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Croup - management in the intensive care setting

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PICU review considerations

  1. Diagnostic doubt e.g. foreign body, tracheitis, epiglottitis
  2. SpO2 < 90% on air
  3. Sternal or suprasternal retraction at rest
  4. Restlessness or pallor
  5. Decreased level of consciousness/exhaustion
  6. Known pre-existing airway pathology or admission to PICU with croup
  7. Requiring more than 1 dose nebulised adrenaline (0.5 mg/kg, max 5 mg)

Those patients who have had 1 dose nebulised adrenaline (+/- dexamethazone 0.6 mg/kg PO, IV or IM) in CED and after 3 h observation are asymptomatic may be sent home.

PICU management

  1. Minimise distress/ adequate fluids/ observation
  2. Do not routinely give oxygen (a SpO2 < 90% is a possible indication for intubation)
  3. Do not give antibiotics
  4. No investigations - CXR if SpO2 is low
  5. Dexamethasone 0.6 mg/kg IM/IV/PO, repeat at 24 h if no improvement
  6. Nebulised adrenaline 0.5 mg/kg (0.5 ml/kg of 1:1000 adrenaline, max 5 ml) repeat PRN - consider intubation if > 3-4 doses, minimal effect, effect lasting < 60 min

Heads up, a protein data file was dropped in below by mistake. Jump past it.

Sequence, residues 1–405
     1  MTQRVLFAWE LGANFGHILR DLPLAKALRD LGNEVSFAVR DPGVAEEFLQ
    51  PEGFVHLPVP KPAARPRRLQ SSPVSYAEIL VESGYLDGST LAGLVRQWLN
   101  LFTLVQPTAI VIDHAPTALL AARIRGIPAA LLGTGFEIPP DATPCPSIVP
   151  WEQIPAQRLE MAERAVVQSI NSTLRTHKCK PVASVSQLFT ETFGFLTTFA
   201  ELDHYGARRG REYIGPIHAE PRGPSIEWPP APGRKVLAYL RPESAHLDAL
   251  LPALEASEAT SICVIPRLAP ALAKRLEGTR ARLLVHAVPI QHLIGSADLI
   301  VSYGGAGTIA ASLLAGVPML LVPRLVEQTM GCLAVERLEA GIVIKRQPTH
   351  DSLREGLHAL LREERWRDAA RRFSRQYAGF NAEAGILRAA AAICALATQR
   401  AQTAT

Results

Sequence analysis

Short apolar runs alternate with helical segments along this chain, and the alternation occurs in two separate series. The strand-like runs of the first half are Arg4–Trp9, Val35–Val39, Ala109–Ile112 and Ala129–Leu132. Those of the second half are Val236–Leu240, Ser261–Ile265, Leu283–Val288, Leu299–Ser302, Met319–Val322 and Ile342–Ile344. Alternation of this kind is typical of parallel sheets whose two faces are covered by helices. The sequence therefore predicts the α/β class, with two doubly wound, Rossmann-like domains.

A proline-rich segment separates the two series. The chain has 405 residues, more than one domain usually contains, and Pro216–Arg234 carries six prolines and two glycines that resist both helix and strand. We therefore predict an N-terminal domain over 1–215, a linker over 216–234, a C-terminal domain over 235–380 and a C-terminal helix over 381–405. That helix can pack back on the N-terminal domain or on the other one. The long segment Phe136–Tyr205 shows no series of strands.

1. Fatigue
  2. Increasing respiratory distress unresponsive to nebulised adrenaline
  3. SpO2 < 90% - suggests parenchymal disease or inadequate ventilation
  4. Airway obstruction

Intubation Technique

  1. Get help (Intensivist/Anaesthetist/ENT)
  2. Gas induction with sevoflurane in oxygen - induction is slow (10-15 min), do not hurry
  3. Uncuffed ETT ½ size smaller than usual. In general do not use a size < ID 3mm ETT
  4. Intubate orally first, then change to nasal tracheal tube (NTT)
  5. Secure NTT, place NG in stomach, place arm splints
  6. Secure IV access
  7. CXR to check NTT position, parenchymal disease is not an indication for antibiotics
  8. Allow patient to awaken, sedatives e.g. morphine/benzodiazepine or propofol may be initially required
  9. CPAP/oxygen may be required for post-obstruction pulmonary oedema or parenchymal disease


  1. Trial extubation on day 3-5.
  2. Leak around NTT
  3. Steroid cover - prednisone 1 mg/kg PO 8-12 h, continue 24 h after extubation
  4. Consider nebulised adrenaline for post-extubation stridor. Some children (10-20%) will require re-intubation.
  5. Discharge to ward 6 h after extubation if no interventions required
  6. ENT consult +/- bronchoscopy for those who fail extubation or have recurrent croup

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Document Control

  • Date last published: 04 July 2017
  • Document type: Clinical Guideline
  • Services responsible: Paediatric Intensive Care Unit
  • Author(s): Brian Anderson
  • Editor: John Beca
  • Review frequency: 2 years